Review #471: Surrealistic Pillow, Jefferson Airplane

Karla Clifton
3 min readNov 26, 2023

#471: Surrealistic Pillow, Jefferson Airplane

Everything I learned about this album more insane than the last thing I learned. Makes sense, from a San Fran band.

This wasn’t their first album, but it was the first with their most famous lineup. They replaced their original drummer with Spencer Dryden (who happened to be Charlie Chaplin’s half-nephew — the insanity has just begun) and Grace Slick. Slick was previously in a band called the Great Society, with her husband Jerry and brother-in-law Darby. In fact, Darby wrote “Somebody to Love” and released it as a Great Society single, before gifting it to the Airplane. Another insane fact: the song was originally titled “Mind Full of Bread.” What!!! What was in the water over there?

Drugs, I guess. Grace Slick wasn’t the original Acid Queen for nothing. Even the most staunchly anti-drug activist can’t help but groove to “White Rabbit.” One pill makes you larger/ And one pill makes you small/ And the ones that mother gives you/ Don’t do anything at all. How clever, how literary! And how otherworldly does her voice sound? She sounds like a drugged-up elf or angel. The otherworldliness transfers to when she plays the recorder on “Comin’ Back to Me” — we need to bring back the recorder in popular music.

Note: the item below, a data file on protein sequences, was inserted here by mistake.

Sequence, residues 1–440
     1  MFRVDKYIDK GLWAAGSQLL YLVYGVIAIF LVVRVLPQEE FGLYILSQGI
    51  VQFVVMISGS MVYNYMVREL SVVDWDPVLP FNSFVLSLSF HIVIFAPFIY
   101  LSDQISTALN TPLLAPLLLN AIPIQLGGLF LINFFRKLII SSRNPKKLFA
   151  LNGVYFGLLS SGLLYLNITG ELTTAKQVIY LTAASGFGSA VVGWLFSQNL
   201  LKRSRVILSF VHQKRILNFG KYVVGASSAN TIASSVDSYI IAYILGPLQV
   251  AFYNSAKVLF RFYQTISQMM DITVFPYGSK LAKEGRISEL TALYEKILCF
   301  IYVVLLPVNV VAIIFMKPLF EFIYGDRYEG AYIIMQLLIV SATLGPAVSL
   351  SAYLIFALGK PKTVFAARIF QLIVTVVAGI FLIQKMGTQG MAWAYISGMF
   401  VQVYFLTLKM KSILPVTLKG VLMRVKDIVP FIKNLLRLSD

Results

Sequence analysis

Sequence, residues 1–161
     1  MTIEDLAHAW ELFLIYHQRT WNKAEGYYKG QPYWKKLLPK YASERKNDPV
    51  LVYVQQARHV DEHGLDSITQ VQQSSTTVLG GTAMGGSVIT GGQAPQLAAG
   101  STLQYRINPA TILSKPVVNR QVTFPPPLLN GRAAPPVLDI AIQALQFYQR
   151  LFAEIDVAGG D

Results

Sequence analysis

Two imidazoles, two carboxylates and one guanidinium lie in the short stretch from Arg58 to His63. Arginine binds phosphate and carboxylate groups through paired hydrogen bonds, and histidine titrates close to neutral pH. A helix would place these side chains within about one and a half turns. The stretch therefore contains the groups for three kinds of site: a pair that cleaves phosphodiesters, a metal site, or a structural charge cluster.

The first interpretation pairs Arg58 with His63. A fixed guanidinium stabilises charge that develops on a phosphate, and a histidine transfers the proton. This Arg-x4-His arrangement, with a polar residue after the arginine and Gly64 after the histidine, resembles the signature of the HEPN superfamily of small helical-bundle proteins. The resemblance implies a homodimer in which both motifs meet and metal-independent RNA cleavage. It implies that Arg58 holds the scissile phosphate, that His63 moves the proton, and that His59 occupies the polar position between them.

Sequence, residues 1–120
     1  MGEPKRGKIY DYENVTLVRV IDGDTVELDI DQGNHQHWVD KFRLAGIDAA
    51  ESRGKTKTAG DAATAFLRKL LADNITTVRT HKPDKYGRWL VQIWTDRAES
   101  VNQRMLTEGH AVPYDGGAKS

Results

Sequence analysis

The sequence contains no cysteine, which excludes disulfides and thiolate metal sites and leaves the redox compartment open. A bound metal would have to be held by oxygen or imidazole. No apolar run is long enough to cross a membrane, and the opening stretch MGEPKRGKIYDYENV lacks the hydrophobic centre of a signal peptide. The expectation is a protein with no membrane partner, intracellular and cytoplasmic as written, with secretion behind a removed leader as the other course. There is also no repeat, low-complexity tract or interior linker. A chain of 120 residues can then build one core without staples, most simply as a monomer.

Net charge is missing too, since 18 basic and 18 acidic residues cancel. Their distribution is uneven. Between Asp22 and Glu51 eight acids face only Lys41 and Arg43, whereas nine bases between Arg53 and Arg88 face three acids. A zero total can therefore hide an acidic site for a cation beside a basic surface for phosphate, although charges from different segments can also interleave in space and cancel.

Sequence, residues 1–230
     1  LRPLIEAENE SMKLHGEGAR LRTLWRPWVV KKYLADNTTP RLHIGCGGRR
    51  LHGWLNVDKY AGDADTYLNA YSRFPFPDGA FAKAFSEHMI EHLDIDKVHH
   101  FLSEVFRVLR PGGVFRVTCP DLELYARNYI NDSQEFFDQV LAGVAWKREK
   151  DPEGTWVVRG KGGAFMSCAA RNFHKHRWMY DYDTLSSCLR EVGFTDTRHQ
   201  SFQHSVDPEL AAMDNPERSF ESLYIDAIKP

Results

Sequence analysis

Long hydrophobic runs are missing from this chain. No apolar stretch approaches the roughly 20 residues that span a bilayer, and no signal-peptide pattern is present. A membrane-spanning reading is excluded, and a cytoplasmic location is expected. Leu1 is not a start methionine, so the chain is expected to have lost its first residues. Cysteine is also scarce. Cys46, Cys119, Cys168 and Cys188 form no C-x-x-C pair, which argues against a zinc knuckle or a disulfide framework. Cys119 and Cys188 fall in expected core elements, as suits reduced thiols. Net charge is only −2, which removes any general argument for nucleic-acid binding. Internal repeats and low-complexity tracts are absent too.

Mostly, the album meditates on hippie dippie themes with cryptic poetry. There’s a couple songs about the dangers of modernity and materialism — see “Plastic Fantastic Lover,” about this newfangled new contraption called TV, and “She Has Funny Cars,” which happens to be set over the Bo Diddley beat. But they also tackle friendship (“My Best Friend”), feeling comfortable in your own skin (“3/5 of a Mile in 10 Seconds”), and breakups (“D.C.B.A. — 25”). Just look at those titles — why are there so many numbers and initials? 3/5 of a mile in 10 seconds equals 216 miles per hour — why?! What does it MEAN?

When Jefferson Airplane isn’t trying to confuse the hell out of me, they’re just being insanely talented. I just love when old bands sing entire songs together in harmony — see “How Do You Feel.” On the other hand, I also love their only instrumental, “Embryonic Journey,” a gorgeous solo 12-string guitar number. It’s weirdly comforting — like being in a womb.

Doesn’t this feel like an album that Jerry Garcia “spiritually advised” on? If it does, you’re in luck — Garcia is literally credited as a “spiritual advisor.” Why? Who knows! The extent of Garcia’s involvement is disputed, but he confessed to doing more than just “spiritually advising,” and admitted that he played the beautiful lead guitar part on “Today.”

You know the rest. Jefferson Airplane became Jefferson Starship, then Starship. They built this city. Grace Slick tried to drug Nixon with LSD. Like I said — every new fact more insane than the last. I gotta go lie down.

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